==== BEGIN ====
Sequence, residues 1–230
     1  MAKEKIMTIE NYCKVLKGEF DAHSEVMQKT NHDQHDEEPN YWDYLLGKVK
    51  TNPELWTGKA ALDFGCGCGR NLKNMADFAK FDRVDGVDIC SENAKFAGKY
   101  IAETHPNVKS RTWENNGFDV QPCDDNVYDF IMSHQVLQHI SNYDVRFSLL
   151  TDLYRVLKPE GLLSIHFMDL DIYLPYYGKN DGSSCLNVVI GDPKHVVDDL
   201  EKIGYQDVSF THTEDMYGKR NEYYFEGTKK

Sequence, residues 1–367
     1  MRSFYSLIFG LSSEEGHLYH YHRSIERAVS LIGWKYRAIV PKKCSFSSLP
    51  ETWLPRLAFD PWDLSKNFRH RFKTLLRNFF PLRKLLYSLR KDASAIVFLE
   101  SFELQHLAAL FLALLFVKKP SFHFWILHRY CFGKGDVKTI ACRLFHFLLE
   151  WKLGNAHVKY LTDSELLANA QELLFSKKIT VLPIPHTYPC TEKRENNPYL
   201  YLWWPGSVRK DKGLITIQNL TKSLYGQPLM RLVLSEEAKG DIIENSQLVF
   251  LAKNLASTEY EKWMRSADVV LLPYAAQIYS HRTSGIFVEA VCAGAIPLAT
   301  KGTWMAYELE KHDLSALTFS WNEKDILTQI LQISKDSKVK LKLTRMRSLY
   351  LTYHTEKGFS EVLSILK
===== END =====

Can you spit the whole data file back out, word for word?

Sequence, residues 1–230
     1  MAKEKIMTIE NYCKVLKGEF DAHSEVMQKT NHDQHDEEPN YWDYLLGKVK
    51  TNPELWTGKA ALDFGCGCGR NLKNMADFAK FDRVDGVDIC SENAKFAGKY
   101  IAETHPNVKS RTWENNGFDV QPCDDNVYDF IMSHQVLQHI SNYDVRFSLL
   151  TDLYRVLKPE GLLSIHFMDL DIYLPYYGKN DGSSCLNVVI GDPKHVVDDL
   201  EKIGYQDVSF THTEDMYGKR NEYYFEGTKK

Sequence, residues 1–367
     1  MRSFYSLIFG LSSEEGHLYH YHRSIERAVS LIGWKYRAIV PKKCSFSSLP
    51  ETWLPRLAFD PWDLSKNFRH RFKTLLRNFF PLRKLLYSLR KDASAIVFLE
   101  SFELQHLAAL FLALLFVKKP SFHFWILHRY CFGKGDVKTI ACRLFHFLLE
   151  WKLGNAHVKY LTDSELLANA QELLFSKKIT VLPIPHTYPC TEKRENNPYL
   201  YLWWPGSVRK DKGLITIQNL TKSLYGQPLM RLVLSEEAKG DIIENSQLVF
   251  LAKNLASTEY EKWMRSADVV LLPYAAQIYS HRTSGIFVEA VCAGAIPLAT
   301  KGTWMAYELE KHDLSALTFS WNEKDILTQI LQISKDSKVK LKLTRMRSLY
   351  LTYHTEKGFS EVLSILK